Erin: And are you willing? If you are? Are you willing to pick up the banner that Jesus gave us to be peacemakers in a very chaotic world?

Dannah: We want to call you to pray today for the transition of power in the United States. Please pray, pray that it would be a peaceful transition, but also for many to be drawn to Jesus, because only Jesus can speak peace over this storm. True peace.

Erin: One leading pastor posted a prayer yesterday for this week that we're heading into. It seems fitting to wrap up this episode. I'm going to read just a few lines of it as our Grounded prayer this Monday, 

“Oh God, we are so thankful that you hold all these leaders in your hand, even as you hold all our lives in your hand. So, we gladly yield all our lives to You. Help us this week to love You with all our heart, soul, mind, and strength, and to love our neighbors as ourselves both inside and outside your church . . . particularly those who we disagree. 

“We pray that in our day you will help us to do justice, to love mercy on behalf of all people made in Your image. Knowing that a day is coming when men and women from every nation, tribe, and town will gather around your throne, to give you praise. 

“Jesus, You are the unrivaled, unparalleled, undefeated, unconquerable King. Your inauguration involves a crown of thorns on a cross, and Your resurrection secured eternal life for all who trust You. You are the Lord who reigns in heaven at this moment and whose return we await in any moment. So, we pray, please use our lives this week, to lead people to hope and trust in You alone. In a country in a world in desperate need, of what You alone can give.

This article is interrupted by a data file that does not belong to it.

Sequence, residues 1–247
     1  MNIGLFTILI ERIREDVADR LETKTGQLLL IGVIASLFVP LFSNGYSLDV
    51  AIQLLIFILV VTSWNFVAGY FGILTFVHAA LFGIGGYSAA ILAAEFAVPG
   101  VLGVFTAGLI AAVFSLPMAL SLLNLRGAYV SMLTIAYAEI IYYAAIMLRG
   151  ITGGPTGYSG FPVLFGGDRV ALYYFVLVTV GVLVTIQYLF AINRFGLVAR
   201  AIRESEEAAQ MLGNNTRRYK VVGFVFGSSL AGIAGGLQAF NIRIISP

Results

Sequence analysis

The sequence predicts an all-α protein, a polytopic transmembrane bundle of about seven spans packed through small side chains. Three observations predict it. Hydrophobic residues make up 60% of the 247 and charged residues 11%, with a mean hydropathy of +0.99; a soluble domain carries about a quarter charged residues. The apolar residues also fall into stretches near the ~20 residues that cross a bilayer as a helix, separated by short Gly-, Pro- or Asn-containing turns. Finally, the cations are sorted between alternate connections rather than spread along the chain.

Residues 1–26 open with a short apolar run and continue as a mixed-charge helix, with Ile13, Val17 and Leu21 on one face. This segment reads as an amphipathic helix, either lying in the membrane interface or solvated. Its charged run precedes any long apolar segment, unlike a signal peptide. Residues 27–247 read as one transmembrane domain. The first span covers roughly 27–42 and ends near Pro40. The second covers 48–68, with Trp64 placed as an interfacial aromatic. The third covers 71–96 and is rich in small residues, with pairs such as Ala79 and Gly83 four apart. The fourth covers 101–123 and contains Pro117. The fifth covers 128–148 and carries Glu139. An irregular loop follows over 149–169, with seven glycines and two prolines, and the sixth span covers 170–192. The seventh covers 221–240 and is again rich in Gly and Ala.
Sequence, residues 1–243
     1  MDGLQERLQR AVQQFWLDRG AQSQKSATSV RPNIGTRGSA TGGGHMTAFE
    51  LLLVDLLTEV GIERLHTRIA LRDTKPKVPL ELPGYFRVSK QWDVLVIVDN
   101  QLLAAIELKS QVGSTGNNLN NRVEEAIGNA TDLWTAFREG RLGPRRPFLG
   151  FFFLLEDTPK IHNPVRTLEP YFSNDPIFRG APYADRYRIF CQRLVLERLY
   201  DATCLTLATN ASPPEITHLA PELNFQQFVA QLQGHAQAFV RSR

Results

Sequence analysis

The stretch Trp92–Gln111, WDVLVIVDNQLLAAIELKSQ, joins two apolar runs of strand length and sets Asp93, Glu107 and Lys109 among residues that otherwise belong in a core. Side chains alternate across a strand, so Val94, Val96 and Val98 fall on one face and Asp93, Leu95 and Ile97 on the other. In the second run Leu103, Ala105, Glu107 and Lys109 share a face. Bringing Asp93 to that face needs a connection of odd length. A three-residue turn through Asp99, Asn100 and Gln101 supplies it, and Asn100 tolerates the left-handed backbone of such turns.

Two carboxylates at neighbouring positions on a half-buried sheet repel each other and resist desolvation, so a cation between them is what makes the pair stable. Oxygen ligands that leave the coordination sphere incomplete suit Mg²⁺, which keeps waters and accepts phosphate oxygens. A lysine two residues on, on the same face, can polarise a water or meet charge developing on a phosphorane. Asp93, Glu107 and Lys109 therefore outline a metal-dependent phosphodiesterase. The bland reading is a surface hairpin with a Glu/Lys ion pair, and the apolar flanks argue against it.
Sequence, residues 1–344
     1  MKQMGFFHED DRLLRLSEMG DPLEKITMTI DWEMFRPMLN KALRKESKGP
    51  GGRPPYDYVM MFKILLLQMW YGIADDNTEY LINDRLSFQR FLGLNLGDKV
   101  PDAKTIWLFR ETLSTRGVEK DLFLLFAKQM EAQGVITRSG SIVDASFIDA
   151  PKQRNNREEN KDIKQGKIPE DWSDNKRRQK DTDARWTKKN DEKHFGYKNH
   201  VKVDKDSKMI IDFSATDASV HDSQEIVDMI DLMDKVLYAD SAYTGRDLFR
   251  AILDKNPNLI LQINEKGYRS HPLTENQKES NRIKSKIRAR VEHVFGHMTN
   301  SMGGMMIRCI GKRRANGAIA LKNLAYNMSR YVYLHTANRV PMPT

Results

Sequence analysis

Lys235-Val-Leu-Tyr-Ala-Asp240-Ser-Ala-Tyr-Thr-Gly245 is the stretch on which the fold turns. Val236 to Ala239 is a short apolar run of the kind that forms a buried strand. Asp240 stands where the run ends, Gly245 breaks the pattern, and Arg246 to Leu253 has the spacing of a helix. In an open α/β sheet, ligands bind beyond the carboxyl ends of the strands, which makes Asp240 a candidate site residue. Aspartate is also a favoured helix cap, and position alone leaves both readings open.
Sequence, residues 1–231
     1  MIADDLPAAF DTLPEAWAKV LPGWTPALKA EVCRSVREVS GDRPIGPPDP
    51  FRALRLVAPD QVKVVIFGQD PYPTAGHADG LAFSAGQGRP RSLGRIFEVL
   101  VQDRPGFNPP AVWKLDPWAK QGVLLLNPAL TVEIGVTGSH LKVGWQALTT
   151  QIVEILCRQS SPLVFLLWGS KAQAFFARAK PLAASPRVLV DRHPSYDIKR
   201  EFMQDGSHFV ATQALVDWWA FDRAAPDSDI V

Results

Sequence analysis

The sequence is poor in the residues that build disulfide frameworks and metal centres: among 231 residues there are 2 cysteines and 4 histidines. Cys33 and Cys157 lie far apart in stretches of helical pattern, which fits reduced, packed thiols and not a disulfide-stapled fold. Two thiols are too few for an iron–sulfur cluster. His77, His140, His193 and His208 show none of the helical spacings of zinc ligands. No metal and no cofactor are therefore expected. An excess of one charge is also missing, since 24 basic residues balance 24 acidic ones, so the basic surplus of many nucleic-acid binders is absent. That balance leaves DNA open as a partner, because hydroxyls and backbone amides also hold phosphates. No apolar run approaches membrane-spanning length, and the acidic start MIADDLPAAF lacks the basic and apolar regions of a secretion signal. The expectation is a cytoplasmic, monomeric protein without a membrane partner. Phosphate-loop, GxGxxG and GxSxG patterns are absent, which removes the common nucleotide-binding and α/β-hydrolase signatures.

Dannah: Amen, oh amen, friends. We send you out today with these words that Jesus spoke, “Peace I leave with you; my peace I give to you. Not as the world gives do I give to you. Let not your hearts be troubled, neither let them be afraid” (John 14:27).

Erin: And when they are troubled and afraid go get Jesus.

Dannah: Amen. 

Erin: Let's wake up with hope and perspective and peace next week on Grounded. 

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About the Hosts

Erin Davis

Erin Davis

Erin Davis is an author, blogger, and speaker who loves to see women of all ages run to the deep well of God’s Word. She is the author of many books and Bible studies including: 7 Feasts, Connected, Beautiful Encounters, and the My Name Is Erin series. She serves on the ministry team of Revive Our Hearts. When she’s not writing, you can find Erin chasing chickens and children on her small farm in the Midwest.

Portia Collins

Portia Collins